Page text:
Stefanie Dunn, a 2013 graduate who earned her diploma in broadcast journalism, was this year’s recipient of the Troy Reeb Internship for Lethbridge College’s Communication Arts program. The internship kicked off April 7 when Dunn joined the team behind the award winning Best Local Newscast in Canada, Global Toronto. While in Toronto, she spent time learning the investigative news process at newsmagazine 16x9 as well as joined the fast-paced team of creative early-risers who bring The Morning Show to Global audiences across Canada every day. Dunn then headed to Ottawa where she joined veteran journalist Tom Clark as he produced the agenda-setting current affairs program The West Block. She was also there as Bureau Chief Jacques Bourbeau led coverage of the April 14 selection of Justin Trudeau as the new leader for the Liberal Party of Canada. Dunn now works at Global Lethbridge.

Two builders in The College Home community partnership announced

The Canadian Home Builders’ Association Lethbridge Region (CHBA) and Lethbridge College announced the two builders who will be involved in creating the first houses to be sold in the innovative The College Home partnership at a groundbreaking ceremony in July. Both Galko Homes Master Builder and Ashcroft Homes Master Builder have stepped up to build the inaugural homes for the collaborative project. Over the next five years, CHBA builder members will partner with their suppliers and tradespeople to build two homes per year and have the proceeds from the sales of each go towards the Trades and Technology Renewal and Innovation Project (TTRIP) at Lethbridge College. Both homes will be unveiled this year at the CHBA’s Parade of Homes in Lethbridge, which takes place from Sept. 21 to Oct. 6. Lethbridge College will further its commitment to promote accessible post-secondary education by donating a $2,500 tuition credit to the home buyer for each of the ten homes.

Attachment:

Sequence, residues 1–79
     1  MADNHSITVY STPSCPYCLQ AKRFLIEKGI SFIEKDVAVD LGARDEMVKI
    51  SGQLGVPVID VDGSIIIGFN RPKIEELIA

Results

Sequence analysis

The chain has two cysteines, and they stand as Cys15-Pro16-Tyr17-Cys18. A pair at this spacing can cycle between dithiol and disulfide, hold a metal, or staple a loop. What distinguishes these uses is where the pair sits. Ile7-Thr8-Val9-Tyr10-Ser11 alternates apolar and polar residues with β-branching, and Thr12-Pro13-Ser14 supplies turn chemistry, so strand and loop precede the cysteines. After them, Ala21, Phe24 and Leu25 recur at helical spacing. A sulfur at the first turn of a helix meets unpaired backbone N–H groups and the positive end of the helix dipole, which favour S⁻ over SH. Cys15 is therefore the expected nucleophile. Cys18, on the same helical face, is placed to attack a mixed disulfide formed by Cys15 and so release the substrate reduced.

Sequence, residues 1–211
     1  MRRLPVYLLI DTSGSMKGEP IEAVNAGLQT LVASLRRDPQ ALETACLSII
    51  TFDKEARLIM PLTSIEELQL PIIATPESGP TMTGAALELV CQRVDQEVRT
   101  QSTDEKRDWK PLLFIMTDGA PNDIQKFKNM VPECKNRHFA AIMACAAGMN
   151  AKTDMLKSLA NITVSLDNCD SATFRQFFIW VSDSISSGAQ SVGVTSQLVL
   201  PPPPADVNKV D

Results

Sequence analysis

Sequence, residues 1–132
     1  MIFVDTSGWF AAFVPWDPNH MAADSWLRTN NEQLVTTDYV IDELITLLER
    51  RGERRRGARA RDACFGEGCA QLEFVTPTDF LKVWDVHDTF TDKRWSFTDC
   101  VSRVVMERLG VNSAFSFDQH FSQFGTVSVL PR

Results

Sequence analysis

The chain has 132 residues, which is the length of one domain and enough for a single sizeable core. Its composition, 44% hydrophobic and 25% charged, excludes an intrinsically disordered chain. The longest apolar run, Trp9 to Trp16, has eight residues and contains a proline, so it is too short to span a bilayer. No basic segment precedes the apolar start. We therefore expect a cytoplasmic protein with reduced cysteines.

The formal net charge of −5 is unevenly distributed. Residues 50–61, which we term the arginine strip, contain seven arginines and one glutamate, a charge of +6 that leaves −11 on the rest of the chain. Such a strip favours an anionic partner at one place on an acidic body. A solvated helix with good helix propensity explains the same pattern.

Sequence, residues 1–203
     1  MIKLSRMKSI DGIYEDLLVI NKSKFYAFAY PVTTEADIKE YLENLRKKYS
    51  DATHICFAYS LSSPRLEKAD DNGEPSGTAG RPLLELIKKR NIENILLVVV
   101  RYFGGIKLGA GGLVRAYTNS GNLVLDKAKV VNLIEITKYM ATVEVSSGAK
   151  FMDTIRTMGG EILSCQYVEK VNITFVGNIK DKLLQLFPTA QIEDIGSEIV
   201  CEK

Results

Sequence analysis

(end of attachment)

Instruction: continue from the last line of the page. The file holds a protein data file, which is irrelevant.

Aboriginal group and Lethbridge College extend partnership

The National Aboriginal Trust Officer Association (NATOA) and Lethbridge College announced in June that they have extended their partnership to complete the remaining phases of a trust training program with the prospect of eventually laddering into a professional designation and a post-secondary credit. The pilot of the stand-alone “trust-training basics” was originally launched at Lethbridge College in 2010 to enhance Aboriginal fund management strategies and processes, providing online training founded on Canadian best-practices. It has been successfully delivered to close to 200 participants across Canada to date in support of increased education and decision-making in the investment of trust funds on behalf of community and economic development. The next stage of the project includes the development of capacity to expand the reach of the program. There is an estimated $200 billion dollars of trust assets and investments being managed on behalf of Aboriginal communities across Canada. NATOA’s vision is to improve investment return by a conservative two per cent across the country, putting an estimated $4 billion dollars back into these communities.

Fashion students and grad score big internships this summer

Three Lethbridge College Fashion Design and Marketing students worked to make their own innovative fashion statements this summer in the fast-paced fashion world of New York City. Fashion Design instructor Brenda Low said this was the first-year Lethbridge students were selected for internships in New York.